Without the rosemary, Eleanor and John would have actually become the characters in the book. John says he’d actually prefer that as it would be better to live in ignorance than drown in the pain of misery. He suddenly grabs the rosemary and throws it from the coach so that he can know peace of mind again. The Doctor sends Eleanor back to collect the bouquet, then tells John that the fiction has not only taken John’s father from him, but it’s also interfering with his grieving process. He assures John that for his own sake he mustn’t return to ignorance. The world he wishes to return to is made up from words and they can never convey the realities of life, including joy, love and hope. In that life, he’ll never again be able to enjoy true happiness. Eleanor returns with the bouquet and the Doctor says it will one day symbolise their marriage. His faith restored, John agrees to continue the quest to find Charley.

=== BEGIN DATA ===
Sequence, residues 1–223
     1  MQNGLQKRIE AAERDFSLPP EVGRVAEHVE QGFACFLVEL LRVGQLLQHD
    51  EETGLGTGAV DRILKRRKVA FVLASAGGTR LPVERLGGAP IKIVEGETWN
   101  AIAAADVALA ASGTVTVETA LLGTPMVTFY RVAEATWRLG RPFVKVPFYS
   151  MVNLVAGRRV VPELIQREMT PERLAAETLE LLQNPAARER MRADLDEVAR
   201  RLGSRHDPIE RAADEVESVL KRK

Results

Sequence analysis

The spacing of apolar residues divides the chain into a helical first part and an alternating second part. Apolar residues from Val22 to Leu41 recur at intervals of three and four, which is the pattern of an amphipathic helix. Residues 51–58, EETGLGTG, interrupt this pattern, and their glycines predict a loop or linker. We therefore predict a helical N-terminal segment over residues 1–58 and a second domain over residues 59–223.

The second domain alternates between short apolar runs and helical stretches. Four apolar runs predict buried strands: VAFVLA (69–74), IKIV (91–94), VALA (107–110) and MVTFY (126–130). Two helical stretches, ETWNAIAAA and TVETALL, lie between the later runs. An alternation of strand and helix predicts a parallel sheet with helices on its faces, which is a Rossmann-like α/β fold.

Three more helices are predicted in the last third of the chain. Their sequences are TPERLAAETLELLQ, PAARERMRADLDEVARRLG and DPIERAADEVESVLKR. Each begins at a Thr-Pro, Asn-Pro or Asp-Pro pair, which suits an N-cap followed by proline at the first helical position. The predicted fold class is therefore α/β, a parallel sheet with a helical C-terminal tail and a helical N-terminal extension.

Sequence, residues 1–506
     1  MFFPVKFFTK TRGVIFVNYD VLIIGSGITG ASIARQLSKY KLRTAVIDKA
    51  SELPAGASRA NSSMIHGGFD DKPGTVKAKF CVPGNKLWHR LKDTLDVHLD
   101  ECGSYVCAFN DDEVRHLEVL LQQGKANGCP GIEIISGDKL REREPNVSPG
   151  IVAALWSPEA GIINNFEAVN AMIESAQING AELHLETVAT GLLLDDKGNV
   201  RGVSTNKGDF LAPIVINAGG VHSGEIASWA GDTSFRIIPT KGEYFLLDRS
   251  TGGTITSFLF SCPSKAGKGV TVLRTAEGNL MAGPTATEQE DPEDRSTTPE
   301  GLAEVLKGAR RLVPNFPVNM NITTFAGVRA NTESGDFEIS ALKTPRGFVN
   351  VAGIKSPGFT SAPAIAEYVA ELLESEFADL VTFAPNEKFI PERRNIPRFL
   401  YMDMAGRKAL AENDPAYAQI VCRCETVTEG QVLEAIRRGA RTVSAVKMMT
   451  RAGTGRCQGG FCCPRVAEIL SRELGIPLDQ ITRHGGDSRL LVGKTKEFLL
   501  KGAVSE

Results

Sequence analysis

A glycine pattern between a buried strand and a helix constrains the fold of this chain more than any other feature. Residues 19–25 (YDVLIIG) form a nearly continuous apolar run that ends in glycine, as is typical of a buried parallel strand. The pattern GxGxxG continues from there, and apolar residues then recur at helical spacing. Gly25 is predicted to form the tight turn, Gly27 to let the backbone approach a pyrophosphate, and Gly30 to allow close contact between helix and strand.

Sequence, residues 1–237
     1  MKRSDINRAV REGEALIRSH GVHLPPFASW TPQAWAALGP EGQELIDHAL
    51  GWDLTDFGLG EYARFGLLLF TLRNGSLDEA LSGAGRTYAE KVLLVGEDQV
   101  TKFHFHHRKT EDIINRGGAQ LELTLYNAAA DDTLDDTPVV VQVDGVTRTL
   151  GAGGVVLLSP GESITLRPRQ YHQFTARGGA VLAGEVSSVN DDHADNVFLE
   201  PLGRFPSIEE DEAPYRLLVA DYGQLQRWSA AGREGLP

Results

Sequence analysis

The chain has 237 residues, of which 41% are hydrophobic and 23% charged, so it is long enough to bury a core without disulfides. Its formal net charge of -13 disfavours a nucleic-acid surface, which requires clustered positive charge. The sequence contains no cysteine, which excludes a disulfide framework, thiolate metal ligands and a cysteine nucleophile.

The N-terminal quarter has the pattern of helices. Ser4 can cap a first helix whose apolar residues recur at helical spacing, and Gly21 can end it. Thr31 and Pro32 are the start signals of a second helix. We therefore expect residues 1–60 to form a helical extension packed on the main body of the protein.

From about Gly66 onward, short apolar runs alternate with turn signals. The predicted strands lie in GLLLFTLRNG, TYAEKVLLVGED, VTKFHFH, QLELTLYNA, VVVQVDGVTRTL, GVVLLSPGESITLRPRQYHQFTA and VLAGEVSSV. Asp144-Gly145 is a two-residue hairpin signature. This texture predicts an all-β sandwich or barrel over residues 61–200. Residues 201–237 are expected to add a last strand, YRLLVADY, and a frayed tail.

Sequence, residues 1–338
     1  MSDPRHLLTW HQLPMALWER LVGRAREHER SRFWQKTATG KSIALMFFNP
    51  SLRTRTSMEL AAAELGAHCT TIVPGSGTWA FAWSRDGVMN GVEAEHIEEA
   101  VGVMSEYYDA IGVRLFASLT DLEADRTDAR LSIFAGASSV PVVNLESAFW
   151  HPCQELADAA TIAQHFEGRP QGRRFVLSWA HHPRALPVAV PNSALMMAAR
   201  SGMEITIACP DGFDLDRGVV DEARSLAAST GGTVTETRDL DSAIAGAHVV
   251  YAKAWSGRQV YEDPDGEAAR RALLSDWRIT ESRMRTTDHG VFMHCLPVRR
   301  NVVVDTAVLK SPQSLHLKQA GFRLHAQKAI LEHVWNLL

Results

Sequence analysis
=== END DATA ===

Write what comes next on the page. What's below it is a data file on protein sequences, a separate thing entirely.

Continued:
The Doctor tries to work out where Charley will be and flicks through the charred pages of the book. He finds an ode to Black Bess, then the bit about Dick‘s ride to York. It also mentions Falstaff, which the Doctor assumes is a reference to Shakespeare, but Eleanor realises the word would only make sense to the characters in the book, so the Doctor decides to ask the coachman. The driver tells him about the Falstaff Inn at Kilburn, the place where thingy Turpin can often be found with Gypsy Charlotte at his side, so the Doctor asks him to take them there.
At the Inn, thingy orders more grog for himself and Charlotte. As one of the wenches, Molly, goes to fetch some, Charlotte becomes suspicious about her manner and is convinced something isn’t right. She also thinks she heard a carriage drawing up a short while ago and she tells thingy there may be danger here. Suspecting it’s the King’s men, he decides it’s time they left.
Outside the Inn, John spots thingy and Charlotte through the window and reports back to the others. Eleanor is keen to rescue Charley straight away, but in her alter ego identity of Gypsy Charlotte she’s bound to be armed and dangerous. They don’t want a gun battle in the middle of a crowded inn so instead they decide to go round to the stables and wait by the horses.